Many professionals will suggest meeting for coffee if you don’t first imply that you would like to come to their office. Though this isn’t always an option, meeting at someone’s office can give you valuable insight into the work environment as a whole and how this person’s particular job fits into the bigger picture.
It’s important to dress appropriately for an informational interview. If you’re not sure what to wear, call the front desk to ask what the office dress code is and match that. Always bring a pen and paper, turn your cellphone off, and have some questions prepared. Lastly, visit a few different professionals at different companies or organizations that hold similar jobs as the experience may be completely different from place to place.
If you’re considering a teaching degree, get in touch with a local school district. Dress professionally and visit the school’s main office during school hours. Introduce yourself and explain that you are a student who is considering earning a teaching degree and are interested in any opportunities that would allow you to shadow in a classroom. If you attend a college close to where you attended primary or secondary school, reach out to teachers who have had you as a student to inquire about shadow opportunities. Be sure to shadow a few different teachers, grades, and subjects.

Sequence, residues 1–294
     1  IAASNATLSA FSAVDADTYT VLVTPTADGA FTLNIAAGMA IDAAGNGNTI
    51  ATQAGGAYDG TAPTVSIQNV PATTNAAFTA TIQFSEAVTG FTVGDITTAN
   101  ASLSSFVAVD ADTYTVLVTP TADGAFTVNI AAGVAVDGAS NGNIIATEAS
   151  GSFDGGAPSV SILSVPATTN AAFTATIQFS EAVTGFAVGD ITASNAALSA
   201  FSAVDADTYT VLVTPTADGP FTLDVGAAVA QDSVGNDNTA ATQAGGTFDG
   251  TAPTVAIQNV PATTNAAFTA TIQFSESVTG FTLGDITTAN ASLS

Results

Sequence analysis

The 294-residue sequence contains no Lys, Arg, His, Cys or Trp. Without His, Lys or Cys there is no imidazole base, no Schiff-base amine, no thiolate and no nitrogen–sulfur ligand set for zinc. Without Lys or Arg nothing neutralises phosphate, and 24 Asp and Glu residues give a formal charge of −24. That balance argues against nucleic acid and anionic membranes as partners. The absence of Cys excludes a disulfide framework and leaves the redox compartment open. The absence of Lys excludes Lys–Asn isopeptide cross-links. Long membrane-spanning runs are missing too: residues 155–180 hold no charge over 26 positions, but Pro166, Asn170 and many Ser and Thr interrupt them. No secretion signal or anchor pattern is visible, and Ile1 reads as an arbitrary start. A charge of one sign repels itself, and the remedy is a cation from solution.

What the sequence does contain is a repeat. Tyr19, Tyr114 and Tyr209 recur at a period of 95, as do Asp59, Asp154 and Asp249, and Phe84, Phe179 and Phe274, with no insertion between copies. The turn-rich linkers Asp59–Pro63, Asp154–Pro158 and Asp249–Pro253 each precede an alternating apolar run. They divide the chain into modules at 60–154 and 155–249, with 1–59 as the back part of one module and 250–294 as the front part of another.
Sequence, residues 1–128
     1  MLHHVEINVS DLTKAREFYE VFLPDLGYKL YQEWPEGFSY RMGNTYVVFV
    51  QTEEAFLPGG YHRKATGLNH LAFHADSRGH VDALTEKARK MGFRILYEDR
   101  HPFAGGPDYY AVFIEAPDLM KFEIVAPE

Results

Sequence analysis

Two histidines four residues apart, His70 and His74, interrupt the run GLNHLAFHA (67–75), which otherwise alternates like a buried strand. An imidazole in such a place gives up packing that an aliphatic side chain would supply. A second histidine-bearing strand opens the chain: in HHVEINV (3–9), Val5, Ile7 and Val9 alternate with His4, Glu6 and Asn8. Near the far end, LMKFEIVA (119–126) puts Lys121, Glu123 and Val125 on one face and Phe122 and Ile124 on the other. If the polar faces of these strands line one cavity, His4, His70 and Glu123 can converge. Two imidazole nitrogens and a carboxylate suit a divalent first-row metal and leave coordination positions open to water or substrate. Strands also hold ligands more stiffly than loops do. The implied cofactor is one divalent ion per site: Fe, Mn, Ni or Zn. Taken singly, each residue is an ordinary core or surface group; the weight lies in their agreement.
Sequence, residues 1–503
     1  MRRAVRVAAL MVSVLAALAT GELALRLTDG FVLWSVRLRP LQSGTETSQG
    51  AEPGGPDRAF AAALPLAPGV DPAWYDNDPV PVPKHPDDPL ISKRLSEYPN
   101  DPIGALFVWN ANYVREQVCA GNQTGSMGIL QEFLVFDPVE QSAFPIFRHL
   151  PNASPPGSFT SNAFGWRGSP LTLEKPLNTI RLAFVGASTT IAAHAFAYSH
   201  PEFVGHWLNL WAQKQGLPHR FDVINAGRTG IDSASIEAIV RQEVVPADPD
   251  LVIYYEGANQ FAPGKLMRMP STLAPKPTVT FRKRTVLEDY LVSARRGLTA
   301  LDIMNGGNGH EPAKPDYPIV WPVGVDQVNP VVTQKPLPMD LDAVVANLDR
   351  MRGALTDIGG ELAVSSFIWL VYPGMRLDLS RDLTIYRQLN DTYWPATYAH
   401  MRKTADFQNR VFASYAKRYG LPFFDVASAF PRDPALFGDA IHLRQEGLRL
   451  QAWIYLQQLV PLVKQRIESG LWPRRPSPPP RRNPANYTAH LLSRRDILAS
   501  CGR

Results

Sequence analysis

Talk to Professors
Make sure the programs you’re interested in are exactly what they appear to be. Some programs prepare students to continue on in academia where others focus on job acquisition. If you think you want to study biology with a botany focus, make sure your school’s biology program has that track. Talking to professors may help you discover the program focuses on something you aren’t interested in or help uncover an entirely new focus that could be a better fit. Check your college’s website for faculty descriptions and contact information.
Focusing Your Declared Major
You can focus your major by adding a minor or taking specific courses within your major. Focusing your major will make your path more clear and help you build up a resume that will land you the specific job you’re after.
Most colleges will have career-centered clubs that help students be proactive in building connections and exploring niches within their area of study. Many clubs book guest speakers for meetings or tour different organizations in the area. Clubs are a great way to learn about internship opportunities that could lead to further interest specialization. Clubs can help boost your resume, too. For example, writing for the school newspaper can help a journalism major decide whether they excel in writing or editing while they produce clips for their portfolio.
Off-Site Learning Opportunities
Off-site learning opportunities are a great next step to focus your major once you’ve declared. Maybe you know you want to work in humanitarian work, but aren’t sure if you want to focus domestically or abroad. A study abroad program could help you decide. Teaching degree programs often offer assistance in finding student teaching positions in local schools. Students pursuing other fields can often get credit while working at off-site internships that could reveal additional potential job descriptions.